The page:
How to build generational wealth (p.s. it’s not too late to start!)
Written by Elisa Franco, Digital Marketing Director at EvoShare
Families and individuals from all walks of life aspire to build wealth. Especially those in low to moderate earning households, but where to start?
Acknowledging that low to moderate earning households have goals for holding and building wealth is where we begin. Disregarding this simple truth limits societal productivity, personal satisfaction levels, and economic growth.
Together, we’re challenging the ancient assumption of who can and should build wealth, and understanding how households can accomplish this is the first step to helping families share in prosperity. It’s the start of looking at wealth and finances with a holistic point of view.
In The State of Financial Security 2020, the Aspen Financial Security Program identified the urgent need for a new wealth agenda in the United States, grounded in the perspective that “the ultimate goal of the financial security field is not to help families merely better manage scarcity, but to truly create conditions of security and well-being that will enable full participation, agency, and dignity—not just in our economy, but in our democracy.”
Slowly but surely…
The term “generational wealth” refers to assets passed from one generation of a family to another. Those assets can include:
- Real estate
- Family businesses
Generational wealth is much more than just income or assets; it’s important to take inventory of all the ways one can be considered wealthy.
On top of the 5 suggested methods listed below, stop and take a moment to think about the intangible generational wealth you already have, such as: food recipes, culture, values, morals, and ancestral knowledge, just to name a few.
This perspective is necessary as many individuals find it difficult to feel worthy of building generational wealth, but you do deserve to improve you and your family’s life, regardless of your income.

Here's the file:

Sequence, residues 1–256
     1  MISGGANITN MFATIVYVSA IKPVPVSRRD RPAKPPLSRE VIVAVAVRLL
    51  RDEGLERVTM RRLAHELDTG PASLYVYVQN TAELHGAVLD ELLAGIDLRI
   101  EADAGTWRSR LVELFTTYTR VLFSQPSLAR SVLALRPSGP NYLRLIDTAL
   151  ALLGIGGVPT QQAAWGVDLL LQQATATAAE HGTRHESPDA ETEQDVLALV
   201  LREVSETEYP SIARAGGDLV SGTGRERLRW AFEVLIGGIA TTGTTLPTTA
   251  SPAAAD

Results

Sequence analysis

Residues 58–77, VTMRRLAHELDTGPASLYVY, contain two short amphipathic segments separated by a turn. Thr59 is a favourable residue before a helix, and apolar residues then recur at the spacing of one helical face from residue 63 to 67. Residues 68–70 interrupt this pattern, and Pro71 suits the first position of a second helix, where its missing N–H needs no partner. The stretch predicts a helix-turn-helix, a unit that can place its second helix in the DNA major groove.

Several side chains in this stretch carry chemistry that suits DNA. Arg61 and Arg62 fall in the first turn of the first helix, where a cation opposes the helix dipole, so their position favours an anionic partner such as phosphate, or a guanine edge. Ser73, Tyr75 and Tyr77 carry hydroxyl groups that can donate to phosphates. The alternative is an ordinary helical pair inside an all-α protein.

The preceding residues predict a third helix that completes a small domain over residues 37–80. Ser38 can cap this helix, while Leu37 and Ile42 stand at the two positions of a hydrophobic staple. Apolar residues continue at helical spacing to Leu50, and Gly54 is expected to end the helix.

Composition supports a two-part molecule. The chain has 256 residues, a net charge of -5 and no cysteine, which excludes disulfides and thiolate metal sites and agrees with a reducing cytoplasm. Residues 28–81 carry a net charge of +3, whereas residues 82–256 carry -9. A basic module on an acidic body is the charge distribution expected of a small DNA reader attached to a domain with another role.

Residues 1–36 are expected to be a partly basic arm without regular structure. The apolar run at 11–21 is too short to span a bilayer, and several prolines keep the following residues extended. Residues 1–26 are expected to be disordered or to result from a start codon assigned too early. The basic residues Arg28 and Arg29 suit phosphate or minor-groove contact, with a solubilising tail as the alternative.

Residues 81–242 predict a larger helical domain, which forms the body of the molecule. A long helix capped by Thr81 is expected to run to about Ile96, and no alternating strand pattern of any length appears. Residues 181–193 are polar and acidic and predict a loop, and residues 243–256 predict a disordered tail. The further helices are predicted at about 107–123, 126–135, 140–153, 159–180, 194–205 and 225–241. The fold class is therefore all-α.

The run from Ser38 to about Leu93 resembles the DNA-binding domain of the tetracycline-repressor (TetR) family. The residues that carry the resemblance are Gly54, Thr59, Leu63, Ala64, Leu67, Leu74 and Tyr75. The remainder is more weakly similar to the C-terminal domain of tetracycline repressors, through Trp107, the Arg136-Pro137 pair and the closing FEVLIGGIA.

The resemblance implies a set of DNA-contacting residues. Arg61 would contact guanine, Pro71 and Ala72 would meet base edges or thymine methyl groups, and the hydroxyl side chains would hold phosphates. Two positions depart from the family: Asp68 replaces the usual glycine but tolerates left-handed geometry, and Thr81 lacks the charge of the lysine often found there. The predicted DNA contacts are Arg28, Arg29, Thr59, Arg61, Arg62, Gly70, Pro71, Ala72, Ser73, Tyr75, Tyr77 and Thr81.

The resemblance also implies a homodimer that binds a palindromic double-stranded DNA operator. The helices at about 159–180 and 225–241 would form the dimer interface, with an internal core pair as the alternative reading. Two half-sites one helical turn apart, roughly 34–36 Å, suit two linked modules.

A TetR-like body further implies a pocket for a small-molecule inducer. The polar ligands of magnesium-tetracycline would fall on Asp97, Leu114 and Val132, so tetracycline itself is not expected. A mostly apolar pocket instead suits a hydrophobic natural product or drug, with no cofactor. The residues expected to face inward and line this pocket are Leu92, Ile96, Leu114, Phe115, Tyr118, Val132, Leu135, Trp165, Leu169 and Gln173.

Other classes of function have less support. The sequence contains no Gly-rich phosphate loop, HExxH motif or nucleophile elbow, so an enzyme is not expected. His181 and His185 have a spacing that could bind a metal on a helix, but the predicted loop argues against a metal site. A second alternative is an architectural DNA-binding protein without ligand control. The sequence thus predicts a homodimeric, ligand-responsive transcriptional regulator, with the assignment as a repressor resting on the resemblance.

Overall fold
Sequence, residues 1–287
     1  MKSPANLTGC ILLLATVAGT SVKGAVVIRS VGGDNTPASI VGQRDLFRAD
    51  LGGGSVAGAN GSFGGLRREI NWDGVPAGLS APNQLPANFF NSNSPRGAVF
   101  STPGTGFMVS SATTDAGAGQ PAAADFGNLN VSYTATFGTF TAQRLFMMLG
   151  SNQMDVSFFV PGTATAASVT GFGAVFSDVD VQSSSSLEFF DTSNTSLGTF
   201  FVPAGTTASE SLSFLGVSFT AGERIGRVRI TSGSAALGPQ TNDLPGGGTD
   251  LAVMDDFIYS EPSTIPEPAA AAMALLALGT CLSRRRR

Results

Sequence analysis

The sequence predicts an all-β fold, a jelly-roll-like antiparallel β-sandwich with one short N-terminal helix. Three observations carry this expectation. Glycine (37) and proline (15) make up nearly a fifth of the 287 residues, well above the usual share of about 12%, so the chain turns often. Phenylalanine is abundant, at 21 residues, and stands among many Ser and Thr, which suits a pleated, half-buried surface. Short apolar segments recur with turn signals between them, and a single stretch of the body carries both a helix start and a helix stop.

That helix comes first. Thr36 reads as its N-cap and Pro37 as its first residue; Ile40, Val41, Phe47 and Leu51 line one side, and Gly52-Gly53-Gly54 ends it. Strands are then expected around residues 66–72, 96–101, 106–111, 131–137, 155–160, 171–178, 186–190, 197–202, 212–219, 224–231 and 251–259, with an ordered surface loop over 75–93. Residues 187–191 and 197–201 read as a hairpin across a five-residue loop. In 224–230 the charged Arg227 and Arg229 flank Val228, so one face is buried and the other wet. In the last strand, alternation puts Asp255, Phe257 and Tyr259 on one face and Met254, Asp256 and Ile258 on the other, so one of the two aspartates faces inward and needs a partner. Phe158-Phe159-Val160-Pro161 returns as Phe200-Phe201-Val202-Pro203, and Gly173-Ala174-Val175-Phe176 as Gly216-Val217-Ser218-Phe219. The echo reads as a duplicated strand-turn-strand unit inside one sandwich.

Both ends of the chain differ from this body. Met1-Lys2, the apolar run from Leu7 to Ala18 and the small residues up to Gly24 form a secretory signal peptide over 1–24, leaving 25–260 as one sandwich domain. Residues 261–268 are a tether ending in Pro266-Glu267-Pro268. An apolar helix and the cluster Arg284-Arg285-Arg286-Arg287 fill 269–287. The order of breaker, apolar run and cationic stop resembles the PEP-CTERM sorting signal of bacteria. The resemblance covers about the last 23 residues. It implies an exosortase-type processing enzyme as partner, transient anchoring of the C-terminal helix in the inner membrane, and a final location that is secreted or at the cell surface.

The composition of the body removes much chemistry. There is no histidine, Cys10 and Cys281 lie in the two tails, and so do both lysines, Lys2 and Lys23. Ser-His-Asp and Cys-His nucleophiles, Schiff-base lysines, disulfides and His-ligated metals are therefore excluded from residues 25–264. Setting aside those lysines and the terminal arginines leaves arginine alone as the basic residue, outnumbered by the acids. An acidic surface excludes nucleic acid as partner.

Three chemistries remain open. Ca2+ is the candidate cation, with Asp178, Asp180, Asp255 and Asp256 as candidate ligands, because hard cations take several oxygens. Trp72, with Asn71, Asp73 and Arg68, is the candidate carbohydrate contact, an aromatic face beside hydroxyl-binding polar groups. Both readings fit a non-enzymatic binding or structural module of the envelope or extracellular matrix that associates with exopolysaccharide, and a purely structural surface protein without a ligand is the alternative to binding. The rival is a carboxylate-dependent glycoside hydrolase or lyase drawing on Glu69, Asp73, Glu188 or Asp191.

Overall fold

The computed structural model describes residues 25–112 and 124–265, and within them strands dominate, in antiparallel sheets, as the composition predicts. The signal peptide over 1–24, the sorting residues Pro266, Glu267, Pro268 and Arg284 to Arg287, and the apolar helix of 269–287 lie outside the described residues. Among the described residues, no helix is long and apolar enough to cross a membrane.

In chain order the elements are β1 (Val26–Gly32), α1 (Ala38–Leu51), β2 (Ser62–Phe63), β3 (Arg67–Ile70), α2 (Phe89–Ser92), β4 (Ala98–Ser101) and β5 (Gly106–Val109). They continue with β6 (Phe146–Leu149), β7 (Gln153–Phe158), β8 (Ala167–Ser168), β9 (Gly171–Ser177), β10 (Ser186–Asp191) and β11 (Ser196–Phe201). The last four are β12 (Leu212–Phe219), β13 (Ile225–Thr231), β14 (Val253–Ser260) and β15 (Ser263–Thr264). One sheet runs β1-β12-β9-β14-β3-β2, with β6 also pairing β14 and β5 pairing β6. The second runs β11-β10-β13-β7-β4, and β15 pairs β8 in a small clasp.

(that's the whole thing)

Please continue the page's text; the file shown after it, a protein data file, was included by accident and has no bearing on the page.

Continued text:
If looking at investments at this stage in your financial journey feels premature, take a look at this article here about setting financial goals.
Five enabling conditions…
…that can support people’s efforts to build and maintain wealth according to The Aspen Institute:
- Investable money. To make wealth-building investments, households must first have investable sums set aside that they can use toward wealth building and asset purchases. This is different from the short-term cash flow and liquid savings that households need for basic necessities and routine money management. Instead, these are supplemental funds that could be invested for wealth building purposes without putting those routine expenses and immediate needs on hold.
- Access to affordable assets to purchase. People must have wealth-building options available—such as access to financial investments, real estate, or business assets for purchase—that are affordable, high-quality, and that meet their needs.
- For assets that require financing, access to consumer-friendly financing options. Not all assets can be purchased outright. For larger purchases like a vehicle or a property or investments in education, many families need access to safe and affordable financing to supplement their investable money and make that purchase or investment. Part of having access to this high-quality financing requires having a good credit score.
- Information and confidence about one’s ability to navigate investment and wealth building decisions. People must have access to the knowledge and skills needed to confidently navigate the asset purchasing process, which can be complex and feel overwhelming. Moreover, people must be able to see themselves as investors to engage in these processes. This information on its own is inadequate to build wealth, but it is important for people to have that information available and to identify themselves as someone who can engage in these processes; the lack of these two aspects is disempowering, and may stymie or stop people from engaging in certain wealth building efforts.
- Wealth protection. After purchasing and building up wealth-creating assets, people must also have the ability to maintain and protect their wealth from loss. Decades of wealth-stripping policies have hurt families and chipped away at their wealth, especially Black and Brown families, demonstrating how essential these protections are. Wealth protection is also about managing risk—longevity risk, health risk, market risk, interest rate risk, real estate market risk, and increasingly, climate risk. Examples of wealth protection include different forms of insurance and laws that protect consumers against predatory practices and regulate financial services.
In conclusion, keep in mind that this is a long-term strategy, one which will require dedication and commitment.
For further assistance in managing your financial wellbeing, consider TrueConnect’s Financial Wellness Platform. To learn more about TrueConnect’s Financial Wellness Platform, with access to financial advisors, let’s schedule a call. Contact us and we’ll reach out to you soon.